Controversy delays space projects

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Controversy delays space projects

“Not much could be done after we were ‘branded,’” said an official from the Ministry of Science, ICT and Future Planning on Dec. 3, the day after the National Assembly passed next year’s budget plan. He was talking about the omission of 41 billion won ($36 million) for an exploratory mission to the moon following a “budget note slip-in” controversy.

A “budget note slip-in” is used by lawmakers as a way to slip in a budget plan for their districts while reviewing the budget proposal. Lawmakers secretly submit these requests in a note to members of the Special Committee on Budget and Accounts.

The space project subsequently came under fire.

It wasn’t included in the original budget proposal by the government and was brought to the committee for discussions later. However, it’s not a project with local interests in mind. It’s a national science and technology project from the second Space Development Promotion Basic Plan, which was finalized in 2011.

It wasn’t included in the initial budget because the outcome of the Ministry of Science, ICT and Future Planning’s preliminary research came late.

Preliminary research investigates the validity of its policy, technical plausibility and economic efficiency.

But it’s hard to predict accurate demands for the space project, so a survey was conducted on citizens’ intentions to take the tax burden and opinions on the project. That’s why the survey results came in too late, but the survey outcome is what counts.

Among the 1,000 adults surveyed nationwide, 70.3 percent responded that moon exploration was necessary.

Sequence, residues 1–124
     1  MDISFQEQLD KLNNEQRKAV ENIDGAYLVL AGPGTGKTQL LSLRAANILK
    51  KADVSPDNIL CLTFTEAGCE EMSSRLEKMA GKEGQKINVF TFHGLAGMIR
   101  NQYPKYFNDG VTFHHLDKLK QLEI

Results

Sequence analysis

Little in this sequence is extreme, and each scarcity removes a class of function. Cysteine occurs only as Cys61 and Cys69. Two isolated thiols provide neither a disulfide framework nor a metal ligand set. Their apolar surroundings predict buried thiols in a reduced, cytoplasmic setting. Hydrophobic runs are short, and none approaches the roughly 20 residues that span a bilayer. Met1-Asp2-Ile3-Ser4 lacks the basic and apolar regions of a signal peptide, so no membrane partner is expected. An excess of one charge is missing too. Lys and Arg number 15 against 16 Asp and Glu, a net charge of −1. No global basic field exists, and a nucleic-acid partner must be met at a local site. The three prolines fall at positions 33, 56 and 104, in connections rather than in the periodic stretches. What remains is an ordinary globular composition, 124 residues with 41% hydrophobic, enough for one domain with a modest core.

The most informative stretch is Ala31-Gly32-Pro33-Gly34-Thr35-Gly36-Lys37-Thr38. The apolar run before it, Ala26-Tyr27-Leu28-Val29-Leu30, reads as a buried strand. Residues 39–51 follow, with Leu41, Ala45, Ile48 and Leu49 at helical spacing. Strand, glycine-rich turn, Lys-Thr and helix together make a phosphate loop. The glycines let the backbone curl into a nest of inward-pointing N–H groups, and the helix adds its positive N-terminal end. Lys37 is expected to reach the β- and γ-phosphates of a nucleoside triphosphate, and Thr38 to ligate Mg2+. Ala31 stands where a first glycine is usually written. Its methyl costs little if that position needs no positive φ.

For the project, they are willing to pay “an average of 3,305 won per household for the next five years.”

So how can the budget for the space program be considered a note slipped in for specific interests?

Because the government failed to secure a budget for it, the launch of a test simulator scheduled for 2017 had to be postponed. The impact of the delay will be considerable. The test orbiter was supposed to replace the communication function of the U.S. lunar landing module to be launched in 2018. In return, the Korean government would benefit from technological cooperation with NASA.

As next year’s budget plan was processed, key members of the ruling and opposition party concentrated “budget bombs” on their districts in Busan and South Jeolla. The budget for local social overhead costs (SOC) increased by 75 billion won from the original government proposal. It is nearly twice that of the budget for moon exploration. Do politicians really have any right to accuse scientists of “note-slipping”?

The author is a national news writer at the JoongAng Ilbo.

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